• Ubuntu HandbookThe First Point Release, Ubuntu 22.04.1 is Available to Download

        The first point release of Ubuntu 22.04 is finally out! Users of Ubuntu 20.04 will receive notification to upgrade to the new LTS.

        For users who are still running Ubuntu 20.04, the new LTS features Linux Kernel 5.15, GNOME 42 desktop with built-in 3-finger gestures, new screenshot UI, horizontal workspace view, and RDP remote desktop sharing, and more.

      • ZDNetCanonical releases Ubuntu 22.04.1 | ZDNet

        Linux is always evolving and improving. So Canonical, Ubuntu Linux’s parent company, releases point upgrades about twice a year to deliver the latest software, improvements, and security fixes. Now you can easily update your Ubuntu release or download and install Ubuntu 22.04.1.

      • Ubuntu 22.04 LTS and 20.04 LTS: Canonical Releases Kernel Security Updates – Research Snipers [Ed: May be a plagiarism domain]

        British Linux distributor Canonical is releasing security updates to the Linux kernel for Ubuntu 22.04 LTS (“Jammy Jellyfish”) and Ubuntu 20.04 LTS (“Focal Fossa”), patching vulnerabilities in its operating systems. The vulnerabilities fixed could lead to a Denial of Service (DOS) lead.

    • Devices/Embedded

      • SparkFun ElectronicsEssential Sensors

        Welcome back, everyone! It’s Friday and you know what that means? New products! This week, we have three new kits to show off to you and we’ll start it off with the new Essential Sensor Kit V2. This kit includes all of the most vital sensors currently available and only changes out a few parts that have been most effected by the supply chain issues plaguing our community. Following that, we have two new PIR Breakout Kits that require absolutely zero soldering! These kits are great for detecting motion in a small area and optimized for small movements to offer motion-sensing options for battery powered applications. Now, let’s take a closer look at this week’s new products!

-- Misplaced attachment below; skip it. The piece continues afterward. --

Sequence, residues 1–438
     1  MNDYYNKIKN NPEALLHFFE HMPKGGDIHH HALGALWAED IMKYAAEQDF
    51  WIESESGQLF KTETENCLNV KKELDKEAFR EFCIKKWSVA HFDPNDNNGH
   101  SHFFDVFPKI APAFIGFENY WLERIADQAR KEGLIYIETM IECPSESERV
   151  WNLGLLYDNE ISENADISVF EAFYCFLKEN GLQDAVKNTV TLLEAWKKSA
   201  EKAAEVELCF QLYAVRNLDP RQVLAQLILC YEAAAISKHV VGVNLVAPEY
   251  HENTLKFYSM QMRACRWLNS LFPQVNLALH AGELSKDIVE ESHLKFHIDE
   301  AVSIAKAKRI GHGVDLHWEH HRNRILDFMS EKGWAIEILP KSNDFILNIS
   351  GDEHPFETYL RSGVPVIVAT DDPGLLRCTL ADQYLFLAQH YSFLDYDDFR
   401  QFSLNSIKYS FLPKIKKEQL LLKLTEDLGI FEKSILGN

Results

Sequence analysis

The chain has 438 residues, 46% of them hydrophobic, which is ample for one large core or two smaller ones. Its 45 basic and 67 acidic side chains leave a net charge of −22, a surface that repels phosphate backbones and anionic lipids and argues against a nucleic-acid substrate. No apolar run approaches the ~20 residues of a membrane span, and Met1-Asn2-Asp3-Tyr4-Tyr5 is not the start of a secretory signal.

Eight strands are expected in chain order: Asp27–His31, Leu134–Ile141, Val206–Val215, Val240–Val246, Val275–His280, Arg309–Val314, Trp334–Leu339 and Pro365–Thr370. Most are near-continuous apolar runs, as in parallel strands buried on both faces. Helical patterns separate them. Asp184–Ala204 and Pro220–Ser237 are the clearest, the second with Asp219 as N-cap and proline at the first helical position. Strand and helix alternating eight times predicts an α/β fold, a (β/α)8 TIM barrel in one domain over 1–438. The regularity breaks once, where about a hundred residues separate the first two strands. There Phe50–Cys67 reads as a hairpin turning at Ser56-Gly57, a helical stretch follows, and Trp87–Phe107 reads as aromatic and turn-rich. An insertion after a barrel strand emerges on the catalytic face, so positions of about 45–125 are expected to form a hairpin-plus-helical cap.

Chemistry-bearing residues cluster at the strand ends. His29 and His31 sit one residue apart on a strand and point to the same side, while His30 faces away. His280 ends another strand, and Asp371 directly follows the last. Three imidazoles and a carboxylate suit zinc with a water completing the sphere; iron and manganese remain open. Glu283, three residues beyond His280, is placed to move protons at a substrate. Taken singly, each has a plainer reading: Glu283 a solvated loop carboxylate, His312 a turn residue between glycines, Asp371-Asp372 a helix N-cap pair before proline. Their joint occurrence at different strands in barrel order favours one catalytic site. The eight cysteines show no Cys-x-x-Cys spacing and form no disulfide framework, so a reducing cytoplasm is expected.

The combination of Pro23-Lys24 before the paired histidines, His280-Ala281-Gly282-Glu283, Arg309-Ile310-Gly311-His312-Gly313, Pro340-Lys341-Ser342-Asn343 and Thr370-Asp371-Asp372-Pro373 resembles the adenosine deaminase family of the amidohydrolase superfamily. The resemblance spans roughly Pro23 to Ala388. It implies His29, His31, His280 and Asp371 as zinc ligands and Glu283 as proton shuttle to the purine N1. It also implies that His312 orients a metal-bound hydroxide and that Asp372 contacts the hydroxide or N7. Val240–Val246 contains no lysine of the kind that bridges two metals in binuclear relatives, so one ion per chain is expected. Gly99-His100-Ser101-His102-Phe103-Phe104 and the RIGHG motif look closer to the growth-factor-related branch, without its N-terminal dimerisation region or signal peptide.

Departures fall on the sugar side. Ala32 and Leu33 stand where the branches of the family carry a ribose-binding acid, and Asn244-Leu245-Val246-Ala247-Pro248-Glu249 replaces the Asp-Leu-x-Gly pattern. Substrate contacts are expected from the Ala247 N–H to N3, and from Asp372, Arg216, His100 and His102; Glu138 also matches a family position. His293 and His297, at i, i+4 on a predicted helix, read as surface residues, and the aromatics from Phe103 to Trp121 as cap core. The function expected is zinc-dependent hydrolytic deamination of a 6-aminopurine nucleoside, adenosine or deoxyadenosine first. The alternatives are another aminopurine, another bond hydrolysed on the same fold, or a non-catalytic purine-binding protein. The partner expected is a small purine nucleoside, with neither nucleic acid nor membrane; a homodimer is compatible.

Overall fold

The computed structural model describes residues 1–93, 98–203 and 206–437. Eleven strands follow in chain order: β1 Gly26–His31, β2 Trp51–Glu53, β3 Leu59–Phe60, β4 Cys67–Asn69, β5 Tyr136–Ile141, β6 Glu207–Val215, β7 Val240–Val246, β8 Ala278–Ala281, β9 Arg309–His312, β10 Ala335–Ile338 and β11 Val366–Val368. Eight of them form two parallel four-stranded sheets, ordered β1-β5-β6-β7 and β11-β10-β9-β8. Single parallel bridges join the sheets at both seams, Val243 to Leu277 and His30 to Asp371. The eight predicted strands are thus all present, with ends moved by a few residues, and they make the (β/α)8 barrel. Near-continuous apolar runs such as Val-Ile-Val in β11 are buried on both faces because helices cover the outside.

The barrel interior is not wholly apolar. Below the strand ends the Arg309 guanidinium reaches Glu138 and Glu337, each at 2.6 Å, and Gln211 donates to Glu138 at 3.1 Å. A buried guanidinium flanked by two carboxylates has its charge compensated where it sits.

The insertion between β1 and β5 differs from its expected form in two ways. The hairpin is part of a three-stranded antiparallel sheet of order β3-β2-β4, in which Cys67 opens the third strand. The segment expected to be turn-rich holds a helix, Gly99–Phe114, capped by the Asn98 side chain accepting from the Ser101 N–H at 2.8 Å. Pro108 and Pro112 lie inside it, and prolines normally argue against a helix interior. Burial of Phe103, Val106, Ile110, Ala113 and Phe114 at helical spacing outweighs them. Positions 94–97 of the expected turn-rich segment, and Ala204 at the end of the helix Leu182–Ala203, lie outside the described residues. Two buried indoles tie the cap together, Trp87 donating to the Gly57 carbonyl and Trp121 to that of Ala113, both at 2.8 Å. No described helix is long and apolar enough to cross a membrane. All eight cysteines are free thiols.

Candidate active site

• LiliputingLilbits: The sad fate of the JingPad A1 Linux tablet, Tabs coming to File Explorer for Windows 11, and more

        Apple has long dominated the tablet space, but that hasn’t stopped companies from releasing hundreds of Android, Windows, or Chrome OS tablets in recent years. The JingPad A1 was supposed to be something different: it shipped with JingOS, a Linux-based operating system optimized for touchscreen input but capable of running full-fledged desktop apps.

        At least that was the idea. But when Jingling, the company behind the tablet, began shipping units to customers last year, many found the software to too buggy for the general public and not as open as Linux enthusiasts would like. Eventually the company ran out of money, laid off staff, and did provide a way to replace the operating system with Android or something else (like Ubuntu Touch). While Liliputing has covered the rise and fall of Jingling, but we never actually got to spend any time with the JingPad A1 tablet itself. Now TechHut has put together a video documenting the highs and lows… with some hands-on demonstrations of wha the tablet could and could not do.